For an utterly-wacky-yet-literary twist on Jane's story, look no farther than The Eyre Affair, the first book featuring Jasper Fforde's ffearless literary detective, Thursday Next. Fforde sets his story in a 1980s alterna-Britain, where the Crimean War has dragged on for more than a century and dodo birds (such as Thursday's beloved Pickwick) are common household pets. When Jane Eyre is kidnapped from her own tale, Thursday must learn to "bookjump" into multiple narratives to find her, and then jump back into Jane Eyre to orchestrate the fateful meeting between Jane and Rochester in the lane near Thornfield. Denizens of Thursday's world are shocked--and readers will breathe a sigh of relief--to see the happy ending restored. Although Bronte's story is the true gem, Livesey's homage and Fforde's hilarious new angle will delight and entertain. --Katie Noah Gibson, blogger at Cakes, Tea and Dreams
The Writer's Life
Rupinder Gill: On the Outside Looking Indian
In her new memoir, On the Outside Looking Indian, readers learn that while most of Rupinder Gill's friends were enjoying the experiences of childhood and adolescence, Gill was at home, watching television. Being the second daughter in a traditional Indian home didn't allow for many freedoms. "I was raised to be realistic. Indian women aren't dreamers," she explained.
And yet, Gill did dream. She compiled a list of things she wasn't allowed to experience in her childhood: taking swimming lessons, owning a dog, going to camp. And she decided at 30 that she was going to experience those things. So what made Gill different from her elder sister who was also "raised to be realistic" and desired to do exactly as her parents expected of her?
"I feel badly for eldest children because they have no example of how to navigate parental rules, whereas any subsequent child can look at to their older sibling and learn how to manipulate the system. But then, in fairness, eldest children never have to wear hand-me-down corduroys, so everyone wins in some aspect," Gill said. "My sister actually did a bunch of lessons herself as an adult, including horseback riding, so whereas I may be able to swim two strokes, she'll be the one saving us if our family is attacked in a wild-west saloon. Also, she's the one who got a dog, who we now consider our family dog because he has enough energy to exhaust seven people. So we've all created our ideal childhoods as adults in our own way, but I did it in the most extreme form."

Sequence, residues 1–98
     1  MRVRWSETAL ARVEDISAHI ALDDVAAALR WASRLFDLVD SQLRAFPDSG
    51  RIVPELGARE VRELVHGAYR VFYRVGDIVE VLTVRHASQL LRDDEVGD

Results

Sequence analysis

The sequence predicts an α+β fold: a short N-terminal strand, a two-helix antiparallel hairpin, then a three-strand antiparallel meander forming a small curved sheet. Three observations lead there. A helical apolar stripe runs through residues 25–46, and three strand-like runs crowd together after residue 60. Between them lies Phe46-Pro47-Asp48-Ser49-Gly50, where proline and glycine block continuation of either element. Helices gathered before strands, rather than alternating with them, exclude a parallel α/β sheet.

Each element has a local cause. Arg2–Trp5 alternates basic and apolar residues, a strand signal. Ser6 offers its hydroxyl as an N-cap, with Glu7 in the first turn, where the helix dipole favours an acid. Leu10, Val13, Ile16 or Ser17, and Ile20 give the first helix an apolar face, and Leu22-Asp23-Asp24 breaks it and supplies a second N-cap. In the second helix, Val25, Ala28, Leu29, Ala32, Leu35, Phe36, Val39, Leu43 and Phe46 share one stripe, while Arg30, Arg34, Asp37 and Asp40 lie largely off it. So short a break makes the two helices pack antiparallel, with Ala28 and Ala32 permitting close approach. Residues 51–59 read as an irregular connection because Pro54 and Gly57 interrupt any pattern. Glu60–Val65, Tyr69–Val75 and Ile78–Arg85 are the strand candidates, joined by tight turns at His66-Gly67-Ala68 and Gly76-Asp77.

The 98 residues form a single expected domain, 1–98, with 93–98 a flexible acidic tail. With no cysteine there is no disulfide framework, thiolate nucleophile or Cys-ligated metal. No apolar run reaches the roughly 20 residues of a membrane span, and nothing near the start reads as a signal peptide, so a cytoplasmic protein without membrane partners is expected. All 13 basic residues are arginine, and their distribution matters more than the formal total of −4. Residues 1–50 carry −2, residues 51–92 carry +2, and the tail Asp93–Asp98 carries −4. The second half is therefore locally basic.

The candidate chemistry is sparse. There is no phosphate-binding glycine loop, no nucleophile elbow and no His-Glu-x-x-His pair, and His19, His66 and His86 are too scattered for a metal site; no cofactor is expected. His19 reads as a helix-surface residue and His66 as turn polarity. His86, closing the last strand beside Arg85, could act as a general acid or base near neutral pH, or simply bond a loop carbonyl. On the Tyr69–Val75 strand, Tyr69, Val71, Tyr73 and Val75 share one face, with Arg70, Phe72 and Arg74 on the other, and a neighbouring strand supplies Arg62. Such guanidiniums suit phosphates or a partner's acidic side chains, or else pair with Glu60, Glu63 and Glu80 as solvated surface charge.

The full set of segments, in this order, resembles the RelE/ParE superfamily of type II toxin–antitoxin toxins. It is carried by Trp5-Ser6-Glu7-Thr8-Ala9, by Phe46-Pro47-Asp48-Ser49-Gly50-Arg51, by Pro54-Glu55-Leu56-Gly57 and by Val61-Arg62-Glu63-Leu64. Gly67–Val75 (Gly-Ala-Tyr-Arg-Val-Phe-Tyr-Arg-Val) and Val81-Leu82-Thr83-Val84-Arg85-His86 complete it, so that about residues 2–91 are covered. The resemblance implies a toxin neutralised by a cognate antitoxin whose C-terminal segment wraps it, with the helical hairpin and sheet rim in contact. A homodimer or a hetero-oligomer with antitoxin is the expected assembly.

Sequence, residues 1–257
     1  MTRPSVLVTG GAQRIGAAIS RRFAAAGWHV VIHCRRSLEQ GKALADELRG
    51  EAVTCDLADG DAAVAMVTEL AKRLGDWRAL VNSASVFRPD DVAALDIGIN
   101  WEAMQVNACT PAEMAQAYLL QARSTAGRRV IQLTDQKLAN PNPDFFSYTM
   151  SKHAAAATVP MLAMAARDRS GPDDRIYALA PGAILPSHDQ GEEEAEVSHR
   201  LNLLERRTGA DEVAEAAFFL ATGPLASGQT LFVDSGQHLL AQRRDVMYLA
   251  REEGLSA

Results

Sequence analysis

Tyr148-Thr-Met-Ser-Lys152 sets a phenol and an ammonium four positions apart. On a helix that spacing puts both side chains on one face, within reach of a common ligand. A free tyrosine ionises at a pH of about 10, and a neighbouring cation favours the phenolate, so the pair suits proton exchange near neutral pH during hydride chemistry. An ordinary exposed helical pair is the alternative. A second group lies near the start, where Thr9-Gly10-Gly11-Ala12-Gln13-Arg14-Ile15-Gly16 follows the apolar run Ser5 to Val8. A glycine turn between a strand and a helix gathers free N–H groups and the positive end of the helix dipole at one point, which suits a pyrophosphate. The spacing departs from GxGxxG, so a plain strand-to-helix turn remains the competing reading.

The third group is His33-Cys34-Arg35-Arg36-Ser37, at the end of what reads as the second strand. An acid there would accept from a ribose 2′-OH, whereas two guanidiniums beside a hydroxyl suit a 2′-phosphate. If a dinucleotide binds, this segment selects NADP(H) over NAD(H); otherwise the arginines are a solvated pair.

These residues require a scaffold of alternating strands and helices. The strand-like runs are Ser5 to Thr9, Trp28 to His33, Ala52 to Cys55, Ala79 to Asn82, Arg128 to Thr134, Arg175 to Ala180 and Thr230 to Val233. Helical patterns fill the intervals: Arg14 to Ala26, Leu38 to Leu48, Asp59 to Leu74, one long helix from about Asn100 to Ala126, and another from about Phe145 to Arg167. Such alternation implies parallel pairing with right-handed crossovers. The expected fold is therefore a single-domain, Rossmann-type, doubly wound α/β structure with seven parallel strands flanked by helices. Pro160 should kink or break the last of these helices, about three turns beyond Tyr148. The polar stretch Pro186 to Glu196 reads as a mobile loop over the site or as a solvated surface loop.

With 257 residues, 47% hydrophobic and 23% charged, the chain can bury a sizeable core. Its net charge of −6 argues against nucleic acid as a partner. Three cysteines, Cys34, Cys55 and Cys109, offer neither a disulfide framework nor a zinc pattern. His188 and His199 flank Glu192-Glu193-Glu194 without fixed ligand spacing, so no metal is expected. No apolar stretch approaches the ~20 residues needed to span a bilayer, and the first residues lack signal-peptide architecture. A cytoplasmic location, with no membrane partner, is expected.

On the Outside Looking Indian takes readers through Gill's experiences with her first list. Still, she said, "I have a revolving, evolving and ever-growing list of goals. I honestly feel like I'm just at the start of the journey. There are so many more things I want to do and see and experience. I hope to write another book in the next couple of years, continue on in TV (as a writer), get back to running, knock at least one spot off my Dream Travel List and if I'm really ambitious, finally organize my stacks and stacks of books."
Gill's stacks and stacks of books don't come up much in her memoir. Instead, she focuses on the hours and hours of television she watched with her sisters. In fact, the chapter titles are all plays on '80s television shows and movies: "Dog Meets World," "Tennis the Menace," "Trying-to-stop Growing Pains." But writing and reading were in fact a large part of Gill's life. Like many aspiring writers, she was taught to believe it wouldn't provide an adequate income, and she shouldn't consider it a serious option for her future.
"I always enjoyed writing but it was usually just a part of extra-curricular activities. I wrote plays we performed in high school or joke speeches or articles for the school paper--I never thought of that as a career possibility. People always knew me as someone who enjoyed writing and humor but I never aspired to make a life of it, mostly because I wasn't interested in living in a cardboard box crying over the sentence structure of the perfect Mitt Romney joke." (She still hasn't cracked it, but believes "it may involve comparisons between his name and articles of clothing. Not sure how to play up jokes on his first name, though.")
Gill's jokes did pay off for her early in life, though. "If I recall correctly, they used to have a contest on Letterman where you submitted something to a Top Ten list subject and I think mine was 'Top Ten Things Heard Inside the Matrix.' I believe my entry was something like 'I know you are The One, I just can't ever remember if you were Bill or Ted.' " And it won her a David Letterman T-shirt! Her television viewing paid off as well. These days, in addition to her memoir writing, she's writing for TV. Both allow Gill to weave in her whip-smart sense of humor, but does she have a preference?